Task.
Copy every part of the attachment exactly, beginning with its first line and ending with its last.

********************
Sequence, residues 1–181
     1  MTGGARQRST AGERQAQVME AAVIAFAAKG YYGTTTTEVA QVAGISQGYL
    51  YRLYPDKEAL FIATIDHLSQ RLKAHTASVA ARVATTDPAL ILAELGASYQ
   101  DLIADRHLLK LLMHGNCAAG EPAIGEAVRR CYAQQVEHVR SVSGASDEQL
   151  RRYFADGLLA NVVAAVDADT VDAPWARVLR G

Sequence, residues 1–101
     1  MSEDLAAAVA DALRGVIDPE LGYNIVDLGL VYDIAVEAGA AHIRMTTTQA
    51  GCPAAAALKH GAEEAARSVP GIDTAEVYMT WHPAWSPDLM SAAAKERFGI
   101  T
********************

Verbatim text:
Sequence, residues 1–181
     1  MTGGARQRST AGERQAQVME AAVIAFAAKG YYGTTTTEVA QVAGISQGYL
    51  YRLYPDKEAL FIATIDHLSQ RLKAHTASVA ARVATTDPAL ILAELGASYQ
   101  DLIADRHLLK LLMHGNCAAG EPAIGEAVRR CYAQQVEHVR SVSGASDEQL
   151  RRYFADGLLA NVVAAVDADT VDAPWARVLR G

Sequence, residues 1–101
     1  MSEDLAAAVA DALRGVIDPE LGYNIVDLGL VYDIAVEAGA AHIRMTTTQA
    51  GCPAAAALKH GAEEAARSVP GIDTAEVYMT WHPAWSPDLM SAAAKERFGI
   101  T